WASHINGTON — Attorney General William P. Barr told federal prosecutors in a call last week that they should consider charging rioters and others who committed violent crimes at protests in recent months with sedition, according to two people familiar with the call.
The highly unusual suggestion to charge people with insurrection against lawful authority alarmed some on the call, which included U.S. attorneys around the country, said the people, who spoke on the condition they not be named describing Mr. Barr’s comments because they feared retribution.
The most extreme form of the federal sedition law, which is rarely invoked, criminalizes conspiracies to overthrow the government of the United States — an extraordinary situation that does not seem to fit the circumstances of the unrest in places like Portland, Ore., and elsewhere in response to police killings of Black men.
A Justice Department spokeswoman did not respond to a request for comment. The Wall Street Journal first reported Mr. Barr’s remarks.
The attorney general’s advice dovetailed with his aggressive approach to confronting the unrest and staunch backing of law enforcement. He personally commanded federal forces trying to quell protests in Washington, told federal prosecutors to focus resources on combating violent crime and compared criticism of the police with attacks on Vietnam veterans while denying systemic racism in policing.
Mr. Barr has also emerged as a messenger of the president’s key plank in his re-election campaign: that only President Trump can keep the country safe. Mr. Barr directly inserted himself into the presidential race in recent days to warn that the United States would be on the brink of destruction if Mr. Trump loses, telling a Chicago Tribune columnist that the United States could find itself “irrevocably committed to the socialist path” if Mr. Trump loses and that the country faced “a clear fork in the road.”
The president’s supporters say Mr. Barr’s approach is necessary to preserve order at a moment that threatens to spiral into violence and to tamp down unrest in cities where the local authorities will not.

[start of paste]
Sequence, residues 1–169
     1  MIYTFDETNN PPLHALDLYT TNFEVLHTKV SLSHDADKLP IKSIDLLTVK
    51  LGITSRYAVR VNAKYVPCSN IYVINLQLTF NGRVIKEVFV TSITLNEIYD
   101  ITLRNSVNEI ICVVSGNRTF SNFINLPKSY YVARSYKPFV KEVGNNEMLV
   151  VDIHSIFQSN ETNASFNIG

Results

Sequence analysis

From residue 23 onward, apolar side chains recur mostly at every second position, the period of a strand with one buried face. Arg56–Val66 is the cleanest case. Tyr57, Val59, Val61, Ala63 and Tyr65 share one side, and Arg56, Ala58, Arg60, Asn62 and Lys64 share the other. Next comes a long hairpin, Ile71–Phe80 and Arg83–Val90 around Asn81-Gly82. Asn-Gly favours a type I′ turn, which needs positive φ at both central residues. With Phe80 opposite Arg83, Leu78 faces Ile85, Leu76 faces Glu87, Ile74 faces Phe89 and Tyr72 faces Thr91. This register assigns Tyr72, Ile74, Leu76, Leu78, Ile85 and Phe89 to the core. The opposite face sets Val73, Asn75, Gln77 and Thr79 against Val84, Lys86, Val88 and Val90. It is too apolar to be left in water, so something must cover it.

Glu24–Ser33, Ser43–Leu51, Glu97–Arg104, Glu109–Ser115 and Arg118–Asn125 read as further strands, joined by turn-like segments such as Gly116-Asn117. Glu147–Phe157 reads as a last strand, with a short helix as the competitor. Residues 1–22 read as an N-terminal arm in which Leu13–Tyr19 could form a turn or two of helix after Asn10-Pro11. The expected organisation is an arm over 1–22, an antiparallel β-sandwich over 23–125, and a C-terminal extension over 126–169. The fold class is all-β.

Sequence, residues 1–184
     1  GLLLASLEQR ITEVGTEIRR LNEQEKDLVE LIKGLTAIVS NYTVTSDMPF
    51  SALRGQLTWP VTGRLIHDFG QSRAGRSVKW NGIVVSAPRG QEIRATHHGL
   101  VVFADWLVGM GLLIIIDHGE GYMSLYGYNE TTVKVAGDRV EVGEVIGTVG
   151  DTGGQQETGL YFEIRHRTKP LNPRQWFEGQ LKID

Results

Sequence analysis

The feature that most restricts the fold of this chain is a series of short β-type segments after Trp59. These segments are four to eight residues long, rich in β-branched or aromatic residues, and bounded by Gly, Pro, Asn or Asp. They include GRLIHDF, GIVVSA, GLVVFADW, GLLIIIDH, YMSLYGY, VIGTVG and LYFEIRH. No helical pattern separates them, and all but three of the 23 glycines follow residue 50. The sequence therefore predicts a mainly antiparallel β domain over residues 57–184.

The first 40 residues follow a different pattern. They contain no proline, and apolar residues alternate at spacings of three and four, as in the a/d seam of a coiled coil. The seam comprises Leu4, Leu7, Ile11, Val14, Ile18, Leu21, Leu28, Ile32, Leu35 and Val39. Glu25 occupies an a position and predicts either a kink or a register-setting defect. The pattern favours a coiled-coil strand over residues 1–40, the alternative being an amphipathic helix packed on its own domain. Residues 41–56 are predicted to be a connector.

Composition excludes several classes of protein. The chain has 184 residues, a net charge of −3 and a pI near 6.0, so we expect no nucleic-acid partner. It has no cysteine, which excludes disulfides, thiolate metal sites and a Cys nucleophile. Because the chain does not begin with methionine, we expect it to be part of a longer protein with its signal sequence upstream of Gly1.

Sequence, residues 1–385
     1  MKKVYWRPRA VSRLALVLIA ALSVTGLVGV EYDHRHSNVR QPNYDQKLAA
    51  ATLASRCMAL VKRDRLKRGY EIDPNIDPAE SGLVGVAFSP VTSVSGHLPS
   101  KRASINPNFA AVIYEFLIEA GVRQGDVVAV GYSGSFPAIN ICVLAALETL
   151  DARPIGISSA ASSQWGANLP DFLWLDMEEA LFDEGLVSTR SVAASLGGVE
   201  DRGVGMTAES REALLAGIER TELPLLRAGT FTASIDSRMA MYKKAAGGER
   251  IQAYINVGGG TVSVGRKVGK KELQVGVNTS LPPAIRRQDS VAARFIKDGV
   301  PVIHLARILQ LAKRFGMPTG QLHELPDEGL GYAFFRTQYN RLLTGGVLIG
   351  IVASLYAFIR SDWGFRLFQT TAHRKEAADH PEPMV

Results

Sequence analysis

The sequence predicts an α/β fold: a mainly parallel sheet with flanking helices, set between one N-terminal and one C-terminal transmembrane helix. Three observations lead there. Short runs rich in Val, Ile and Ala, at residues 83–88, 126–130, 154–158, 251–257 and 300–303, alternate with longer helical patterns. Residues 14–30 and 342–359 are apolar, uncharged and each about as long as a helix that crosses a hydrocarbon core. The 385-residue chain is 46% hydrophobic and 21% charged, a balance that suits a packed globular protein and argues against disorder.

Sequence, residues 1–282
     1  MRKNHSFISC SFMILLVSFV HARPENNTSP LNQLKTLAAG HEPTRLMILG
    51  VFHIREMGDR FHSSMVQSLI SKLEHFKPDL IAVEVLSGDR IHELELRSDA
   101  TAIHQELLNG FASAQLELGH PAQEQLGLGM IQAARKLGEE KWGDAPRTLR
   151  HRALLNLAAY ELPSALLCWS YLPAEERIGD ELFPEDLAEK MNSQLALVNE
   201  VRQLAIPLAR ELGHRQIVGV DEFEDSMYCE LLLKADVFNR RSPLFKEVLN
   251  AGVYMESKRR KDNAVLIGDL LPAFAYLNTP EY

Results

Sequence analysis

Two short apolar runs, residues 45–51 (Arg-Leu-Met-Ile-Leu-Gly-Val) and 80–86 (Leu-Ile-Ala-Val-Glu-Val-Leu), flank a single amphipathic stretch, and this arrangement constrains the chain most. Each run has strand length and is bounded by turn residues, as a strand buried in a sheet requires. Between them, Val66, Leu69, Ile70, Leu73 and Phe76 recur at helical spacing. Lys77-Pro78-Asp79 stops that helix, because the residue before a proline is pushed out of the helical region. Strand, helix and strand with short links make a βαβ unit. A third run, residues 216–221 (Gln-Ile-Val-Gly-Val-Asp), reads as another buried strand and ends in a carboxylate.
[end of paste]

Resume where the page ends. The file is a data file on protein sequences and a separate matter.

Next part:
But Mr. Barr’s comments, particularly on campaign issues, have also thrust the Justice Department into the political fray when Democrats and former law enforcement officials have expressed fears that he is politicizing the department, particularly by intervening in legal matters in ways that benefit Mr. Trump or his circle of friends and advisers.
About 93 percent of the protests in the United States this summer were peaceful, according to a report by the Armed Conflict Location and Event Data Project, which monitors political upheaval worldwide. The report looked at 7,750 protests from May 26 through Aug. 22 in 2,400 locations across all 50 states and the District of Columbia.
But far-right and far-left groups, as well as looters and rioters, have seized on the protests to commit acts of violence, including deadly shootings — serious crimes that some federal prosecutors said could not be dismissed out of hand as anomalous, particularly as the threat from extremist groups grows.
Mr. Barr told federal prosecutors on the call that they needed to crack down on rioting, looting, assaults on law enforcement officers and other violence committed during the protests that have continued throughout the country since George Floyd, a Black man in Minneapolis, was killed in May by the police.
The attorney general mentioned sedition as part of a list of possible federal statutes that prosecutors could use to bring charges, including assaulting a federal officer, rioting, use of explosives and racketeering, according to the people familiar with the call. Justice Department officials included sedition on a list of such charges in a follow-up email.
After Mr. Barr spoke, Richard P. Donoghue, a top aide to the deputy attorney general, interjected to note that some of the U.S. attorneys on the call worked in districts where violence during protests was less common, and that the federal prosecutors may not need to use tools as aggressive as sedition charges.
Mentioning that he had visited Portland, Ore., Mr. Donoghue also assured the prosecutors that the Justice Department would support all efforts to crack down on violence.
The wording of the federal sedition statute is more broad than actual revolutions. It says the crime can also occur anytime two or more people have conspired to use force to oppose federal authority, hinder the government’s ability to enforce any federal law or unlawfully seize any federal property — elements that might conceivably fit a plot to, say, break into and set fire to a federal courthouse.
Congress has treated seditious conspiracy as an unusually serious crime: While ordinary federal offenses carry a maximum sentence of five years, a conviction on a charge of seditious conspiracy can carry up to 20 years in prison.
Charlie Savage contributed reporting.